California SLAPP, Section 425.16, motion to strike, voluntary dismissal, bad faith defendants
Although the original enactment of California’s anti-SLAPP law was commendable, the law itself (section 425.16 of the California Civil Code) has its share of flaws. One particular wrinkle that the California appellate courts still have not ironed out in interpreting section 425.16 involves the situation where the filer of a SLAPP suit voluntarily dismisses his SLAPP suit against the victim. Because the goal of California’s anti-SLAPP statute is to deter the “chilling” effect of SLAPP suits upon the public’s ability to “petition for the redress of grievances” — which includes the cost put forth to defend such suits — the inquiry is whether the plaintiff-SLAPPer’s voluntary dismissal of his or her SLAPP suit is vindication enough to prompt a court to award the defendant-SLAPPee statutory attorney’s fees. If so, then the next question is what possible mechanisms would allow for this determination?
Another wrinkle arises when defendants file frivolous anti-SLAPP motions in California. When this occurs, these frivolous motions have been found to be wolves in sheep’s clothing: the defendants have abused the statute to cover what turns out to be an illegitimate use of the political process. In this scenario, the interference with constitutional petitioning rights is not direct, but indirect through the abuse of that particular First Amendment right. Currently, the standards for detecting such undesirable SLAPP defendants lack consistency and leave much room for reform.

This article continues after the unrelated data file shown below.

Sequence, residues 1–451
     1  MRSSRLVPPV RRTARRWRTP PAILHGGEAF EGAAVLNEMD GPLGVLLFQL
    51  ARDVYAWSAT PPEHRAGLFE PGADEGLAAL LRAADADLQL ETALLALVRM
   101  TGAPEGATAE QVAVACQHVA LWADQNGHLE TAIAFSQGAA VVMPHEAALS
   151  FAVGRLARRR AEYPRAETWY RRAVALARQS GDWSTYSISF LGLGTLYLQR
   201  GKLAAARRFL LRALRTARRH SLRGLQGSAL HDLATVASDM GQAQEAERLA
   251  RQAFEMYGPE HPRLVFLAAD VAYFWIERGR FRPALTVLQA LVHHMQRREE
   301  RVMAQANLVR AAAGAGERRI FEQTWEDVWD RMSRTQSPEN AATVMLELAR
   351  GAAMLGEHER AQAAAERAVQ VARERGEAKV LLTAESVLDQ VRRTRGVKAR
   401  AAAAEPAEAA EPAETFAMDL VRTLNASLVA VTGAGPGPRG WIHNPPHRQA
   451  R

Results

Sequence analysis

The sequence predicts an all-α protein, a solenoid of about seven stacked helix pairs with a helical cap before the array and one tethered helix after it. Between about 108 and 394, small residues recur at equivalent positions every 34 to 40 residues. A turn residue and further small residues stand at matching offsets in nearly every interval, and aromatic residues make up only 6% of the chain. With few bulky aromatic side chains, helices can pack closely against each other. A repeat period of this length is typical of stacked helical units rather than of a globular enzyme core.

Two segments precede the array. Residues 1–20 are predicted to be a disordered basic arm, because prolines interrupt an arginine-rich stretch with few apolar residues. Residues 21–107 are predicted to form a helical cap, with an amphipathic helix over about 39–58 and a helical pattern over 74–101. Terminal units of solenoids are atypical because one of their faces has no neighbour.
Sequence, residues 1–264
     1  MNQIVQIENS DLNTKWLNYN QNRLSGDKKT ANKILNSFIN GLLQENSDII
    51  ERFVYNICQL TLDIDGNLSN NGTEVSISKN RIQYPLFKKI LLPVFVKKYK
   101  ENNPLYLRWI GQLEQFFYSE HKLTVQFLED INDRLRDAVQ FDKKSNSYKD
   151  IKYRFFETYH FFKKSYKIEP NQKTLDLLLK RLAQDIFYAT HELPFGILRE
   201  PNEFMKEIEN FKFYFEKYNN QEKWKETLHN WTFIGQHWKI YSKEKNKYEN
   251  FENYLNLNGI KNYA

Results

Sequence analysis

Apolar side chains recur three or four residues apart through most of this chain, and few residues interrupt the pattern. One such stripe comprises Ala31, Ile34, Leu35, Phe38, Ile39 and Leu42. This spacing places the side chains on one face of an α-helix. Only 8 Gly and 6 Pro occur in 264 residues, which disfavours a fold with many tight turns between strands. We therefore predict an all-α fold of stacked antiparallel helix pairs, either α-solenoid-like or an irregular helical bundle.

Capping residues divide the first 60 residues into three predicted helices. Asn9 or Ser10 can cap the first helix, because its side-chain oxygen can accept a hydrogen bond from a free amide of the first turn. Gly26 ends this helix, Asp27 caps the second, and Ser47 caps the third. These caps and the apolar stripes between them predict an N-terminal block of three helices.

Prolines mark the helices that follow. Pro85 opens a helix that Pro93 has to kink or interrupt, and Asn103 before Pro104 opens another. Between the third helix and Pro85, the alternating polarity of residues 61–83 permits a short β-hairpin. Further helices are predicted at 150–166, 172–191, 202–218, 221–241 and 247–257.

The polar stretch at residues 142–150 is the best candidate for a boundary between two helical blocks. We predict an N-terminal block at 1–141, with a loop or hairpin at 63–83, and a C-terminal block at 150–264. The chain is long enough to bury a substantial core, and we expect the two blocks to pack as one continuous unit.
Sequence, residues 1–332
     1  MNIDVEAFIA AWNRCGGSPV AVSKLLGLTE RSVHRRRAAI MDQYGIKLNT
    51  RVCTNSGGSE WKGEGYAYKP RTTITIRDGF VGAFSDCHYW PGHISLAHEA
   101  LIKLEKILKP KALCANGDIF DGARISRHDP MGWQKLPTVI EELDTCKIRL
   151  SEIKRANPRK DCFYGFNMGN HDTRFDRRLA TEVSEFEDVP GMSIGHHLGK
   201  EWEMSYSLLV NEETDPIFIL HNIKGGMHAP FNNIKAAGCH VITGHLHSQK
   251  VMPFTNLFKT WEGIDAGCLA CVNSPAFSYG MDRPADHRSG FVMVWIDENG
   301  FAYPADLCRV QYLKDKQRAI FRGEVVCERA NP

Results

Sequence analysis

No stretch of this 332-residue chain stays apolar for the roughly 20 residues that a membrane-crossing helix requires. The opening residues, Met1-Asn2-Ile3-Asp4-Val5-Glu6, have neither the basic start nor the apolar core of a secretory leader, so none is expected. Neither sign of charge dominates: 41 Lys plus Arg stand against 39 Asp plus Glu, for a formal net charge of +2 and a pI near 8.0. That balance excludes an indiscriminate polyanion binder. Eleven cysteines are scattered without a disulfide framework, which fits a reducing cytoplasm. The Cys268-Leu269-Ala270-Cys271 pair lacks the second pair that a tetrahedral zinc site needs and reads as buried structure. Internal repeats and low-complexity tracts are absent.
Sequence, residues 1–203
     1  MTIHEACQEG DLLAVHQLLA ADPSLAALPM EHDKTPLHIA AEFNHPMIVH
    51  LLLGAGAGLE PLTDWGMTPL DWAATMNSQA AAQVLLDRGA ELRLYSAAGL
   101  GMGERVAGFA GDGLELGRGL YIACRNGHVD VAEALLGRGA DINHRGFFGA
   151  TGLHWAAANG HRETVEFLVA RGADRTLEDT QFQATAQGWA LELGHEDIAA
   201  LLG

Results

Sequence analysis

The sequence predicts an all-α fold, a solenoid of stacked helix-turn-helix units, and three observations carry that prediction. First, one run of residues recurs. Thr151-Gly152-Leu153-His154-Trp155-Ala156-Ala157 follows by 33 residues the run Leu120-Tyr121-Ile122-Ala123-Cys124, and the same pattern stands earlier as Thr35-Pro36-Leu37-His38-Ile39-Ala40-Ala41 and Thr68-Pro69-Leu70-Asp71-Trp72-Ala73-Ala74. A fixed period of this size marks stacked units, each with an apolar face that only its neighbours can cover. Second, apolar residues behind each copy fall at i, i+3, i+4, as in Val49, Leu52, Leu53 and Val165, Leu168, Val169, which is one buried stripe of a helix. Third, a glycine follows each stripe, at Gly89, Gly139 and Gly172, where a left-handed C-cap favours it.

In examining these two issues, this Article will demonstrate that, despite efforts to recognize SLAPPs and to safeguard our legal process from abuses, SLAPP suits and their underlying interference with the legitimate exercise of the right to petition can often engender new ways of creeping back onto the legal stage to wreak havoc on the private citizen. After introducing and evaluating the methods that courts have used to address these flaws, this Article will then uncover the complexities in the forest of SLAPP litigation in California, where legitimate petitioning rights can often be sabotaged by both sides of the bar, and offer normative solutions to help shore up the gaps for effective SLAPP suit reform.
Ho, Jeremiah A., I’ll Huff and I’ll Puff — But then You’ll Blow My Case Away: Dealing with Dismissed and Bad-Faith Defendants Under California’s Anti-SLAPP Statute (March 1, 2009). Whittier Law Review, Vol. 30, 2009.